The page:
Monday, August 19, 2013


Frances is just over twelve weeks old, and I am just over twelve weeks postpartum - long since ineligible for maternal mortality.

the best tummy time includes opportunities to drool on mom

We just had what I thought was going to be our last home visit with the midwife. It turns out we can have up to seven more covered by insurance on an as-needed basis, where "as-needed" means "if I want." We've had maybe a dozen visits so far, starting the day after the birth. (Actually later the same day, as Frances was born just after midnight.)

Having had this sort of postpartum care, I cannot imagine what it's like for parents in the US, who typically have one visit at six weeks with their maternity care provider - and typically not at home, of course.* (Postpartum home visits here are standard, not related to the fact that I gave birth at home.)

This interesting article compares postpartum expectations cross-culturally and finds the US lacking: both family/friends and the postpartum person expect to be up-and-at-'em immediately and often are. There is not a cultural understanding of the need for postpartum rest and recovery, either in terms of physical recuperation or the importance of time and space to make the psychological changes that come along with adding a baby to the family.

I can't really speak to the German cultural context, as most of the few parents I know here aren't German. I can say for me personally, though, the expectation of frequent midwife visits in those first days and weeks sent a clear cultural - not just medical - message that my body was still in a special state (that it should be cared for, that I should be gentle with it) and that our family was going through a unique period (that we should be nesting, that the transition we were making was important and might be difficult).

Our insurance is mandatory and public; we pay half and Aaron's employer pays half (his salary was calculated to ensure that it met certain take-home standards, meaning that if the cost of insurance were to go up, his take-home pay would remain the same). Frances and I are covered under his plan and adding her did not make it more expensive. In the eight months we've been here, I've paid a total of 1.09€ out of pocket, for some creme at the druggist's.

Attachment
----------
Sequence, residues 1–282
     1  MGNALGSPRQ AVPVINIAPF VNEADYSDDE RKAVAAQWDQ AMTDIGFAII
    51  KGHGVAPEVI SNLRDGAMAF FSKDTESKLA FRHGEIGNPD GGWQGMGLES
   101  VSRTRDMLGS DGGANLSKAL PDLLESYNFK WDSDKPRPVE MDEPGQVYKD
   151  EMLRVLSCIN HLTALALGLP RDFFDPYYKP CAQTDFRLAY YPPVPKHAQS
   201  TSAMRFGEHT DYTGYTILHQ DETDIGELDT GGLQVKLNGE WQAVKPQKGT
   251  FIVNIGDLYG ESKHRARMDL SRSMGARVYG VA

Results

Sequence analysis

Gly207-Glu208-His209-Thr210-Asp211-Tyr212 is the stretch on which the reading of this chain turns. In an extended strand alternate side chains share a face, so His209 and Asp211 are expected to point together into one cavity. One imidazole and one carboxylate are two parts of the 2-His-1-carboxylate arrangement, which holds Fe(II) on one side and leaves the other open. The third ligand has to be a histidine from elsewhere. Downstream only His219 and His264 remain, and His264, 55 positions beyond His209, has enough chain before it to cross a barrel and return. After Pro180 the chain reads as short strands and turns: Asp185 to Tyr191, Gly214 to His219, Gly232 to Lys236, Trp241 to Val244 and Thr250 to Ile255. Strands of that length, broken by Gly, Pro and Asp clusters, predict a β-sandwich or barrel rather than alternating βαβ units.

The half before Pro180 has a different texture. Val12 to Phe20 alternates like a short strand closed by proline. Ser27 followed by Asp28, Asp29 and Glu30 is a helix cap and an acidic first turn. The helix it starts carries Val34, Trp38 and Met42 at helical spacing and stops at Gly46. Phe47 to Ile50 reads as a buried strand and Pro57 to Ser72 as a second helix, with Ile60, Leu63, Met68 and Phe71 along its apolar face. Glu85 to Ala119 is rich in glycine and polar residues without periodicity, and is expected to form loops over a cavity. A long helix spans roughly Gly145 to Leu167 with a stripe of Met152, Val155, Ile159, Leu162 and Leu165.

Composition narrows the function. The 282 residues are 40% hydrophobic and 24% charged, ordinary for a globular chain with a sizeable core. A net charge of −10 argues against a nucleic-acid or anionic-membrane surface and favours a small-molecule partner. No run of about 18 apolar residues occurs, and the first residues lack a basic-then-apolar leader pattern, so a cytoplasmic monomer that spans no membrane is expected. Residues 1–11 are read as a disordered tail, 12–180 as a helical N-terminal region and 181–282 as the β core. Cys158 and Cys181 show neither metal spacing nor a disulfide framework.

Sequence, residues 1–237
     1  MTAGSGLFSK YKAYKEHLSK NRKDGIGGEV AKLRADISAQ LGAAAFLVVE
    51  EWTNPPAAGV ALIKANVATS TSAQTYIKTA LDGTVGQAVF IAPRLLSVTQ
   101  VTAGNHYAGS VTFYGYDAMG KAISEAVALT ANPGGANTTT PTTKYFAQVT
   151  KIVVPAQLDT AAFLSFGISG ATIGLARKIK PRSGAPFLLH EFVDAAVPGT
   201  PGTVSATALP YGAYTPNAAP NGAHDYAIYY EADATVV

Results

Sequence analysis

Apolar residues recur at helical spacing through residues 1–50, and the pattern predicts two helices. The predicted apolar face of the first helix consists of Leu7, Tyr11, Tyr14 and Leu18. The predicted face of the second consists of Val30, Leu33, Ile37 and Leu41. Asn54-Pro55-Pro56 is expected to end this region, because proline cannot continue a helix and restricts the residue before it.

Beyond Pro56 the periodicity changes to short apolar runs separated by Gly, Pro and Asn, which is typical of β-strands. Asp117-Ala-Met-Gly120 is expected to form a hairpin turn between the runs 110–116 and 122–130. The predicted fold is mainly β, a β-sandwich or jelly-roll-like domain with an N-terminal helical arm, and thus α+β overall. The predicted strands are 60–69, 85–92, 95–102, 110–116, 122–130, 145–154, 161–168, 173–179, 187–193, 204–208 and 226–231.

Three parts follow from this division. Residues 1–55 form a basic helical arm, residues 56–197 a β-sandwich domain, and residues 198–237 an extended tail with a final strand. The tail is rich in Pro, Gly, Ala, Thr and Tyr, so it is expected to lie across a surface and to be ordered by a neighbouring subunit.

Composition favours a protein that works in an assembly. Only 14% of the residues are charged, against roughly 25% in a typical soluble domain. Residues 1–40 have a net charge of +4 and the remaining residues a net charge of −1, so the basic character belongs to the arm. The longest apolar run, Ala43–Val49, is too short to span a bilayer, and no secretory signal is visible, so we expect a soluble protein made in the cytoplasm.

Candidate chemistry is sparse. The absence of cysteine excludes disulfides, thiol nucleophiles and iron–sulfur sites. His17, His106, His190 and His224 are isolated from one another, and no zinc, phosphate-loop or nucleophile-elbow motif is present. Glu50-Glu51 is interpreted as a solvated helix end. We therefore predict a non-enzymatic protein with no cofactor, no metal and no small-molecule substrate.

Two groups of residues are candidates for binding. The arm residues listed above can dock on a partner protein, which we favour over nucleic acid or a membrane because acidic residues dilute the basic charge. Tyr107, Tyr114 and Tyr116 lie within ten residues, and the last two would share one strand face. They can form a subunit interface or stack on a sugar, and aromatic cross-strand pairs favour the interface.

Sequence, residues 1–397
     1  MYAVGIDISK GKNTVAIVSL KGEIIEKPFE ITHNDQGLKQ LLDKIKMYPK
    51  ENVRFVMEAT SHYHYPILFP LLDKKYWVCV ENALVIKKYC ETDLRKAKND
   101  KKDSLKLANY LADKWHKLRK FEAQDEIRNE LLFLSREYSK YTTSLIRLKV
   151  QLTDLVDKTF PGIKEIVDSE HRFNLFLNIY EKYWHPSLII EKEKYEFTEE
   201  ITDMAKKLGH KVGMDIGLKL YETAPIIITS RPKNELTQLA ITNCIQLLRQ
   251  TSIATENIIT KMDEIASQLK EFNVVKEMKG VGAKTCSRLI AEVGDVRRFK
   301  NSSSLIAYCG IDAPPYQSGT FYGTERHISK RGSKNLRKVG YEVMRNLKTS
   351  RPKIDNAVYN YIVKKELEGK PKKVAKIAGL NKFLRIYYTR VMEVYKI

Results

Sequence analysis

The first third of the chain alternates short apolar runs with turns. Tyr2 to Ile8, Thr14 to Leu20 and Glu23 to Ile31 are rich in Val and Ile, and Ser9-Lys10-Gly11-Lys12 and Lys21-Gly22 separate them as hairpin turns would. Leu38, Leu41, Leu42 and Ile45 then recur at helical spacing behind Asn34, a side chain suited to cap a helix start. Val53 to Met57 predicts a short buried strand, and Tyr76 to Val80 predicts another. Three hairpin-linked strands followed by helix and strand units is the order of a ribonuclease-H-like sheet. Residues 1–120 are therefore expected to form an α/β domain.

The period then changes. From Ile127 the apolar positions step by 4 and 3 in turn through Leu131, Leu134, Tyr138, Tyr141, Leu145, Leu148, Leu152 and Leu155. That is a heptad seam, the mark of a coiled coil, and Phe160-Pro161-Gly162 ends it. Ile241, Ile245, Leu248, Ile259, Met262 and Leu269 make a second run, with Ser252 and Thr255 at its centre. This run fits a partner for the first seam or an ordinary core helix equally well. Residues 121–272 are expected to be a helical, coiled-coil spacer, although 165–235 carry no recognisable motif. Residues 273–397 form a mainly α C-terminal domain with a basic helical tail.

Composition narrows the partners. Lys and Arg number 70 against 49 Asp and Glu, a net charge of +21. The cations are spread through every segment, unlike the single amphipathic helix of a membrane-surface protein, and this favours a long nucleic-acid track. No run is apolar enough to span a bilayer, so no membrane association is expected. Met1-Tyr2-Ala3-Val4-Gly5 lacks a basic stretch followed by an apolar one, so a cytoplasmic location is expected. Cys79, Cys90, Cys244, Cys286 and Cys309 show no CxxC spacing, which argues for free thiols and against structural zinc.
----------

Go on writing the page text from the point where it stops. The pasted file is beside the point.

I wonder what would happen if real, thorough postpartum care was included in the ACA's essential health benefits?** With the passage of time, would such a medical change inspire a cultural change, helping us better value and protect the postpartum period? It's kind of chicken-and-egg -- makes me wonder about the history of postpartum care in countries where it's standard. Has it always been this way?

*Of course, most people are also seeing a pediatrician within this period. This is also standard in Germany, meaning your midwifery postpartum care overlaps with finding and getting to know a pediatrician. For us, having an established care provider we knew and trusted who could also answer baby-related questions and provide basic baby care (weighing, Vit K, etc) at the beginning was invaluable, especially since we really disliked the first pediatrician we saw.

**The specific inclusions of the essential health benefits are left to the states, so while every many insurance plans have to cover "maternity and newborn care," what exactly that means varies. Notably, however, most health plans are required to offer postpartum lactation support without cost-sharing. (Here's more about the implications of the ACA for maternity care.)

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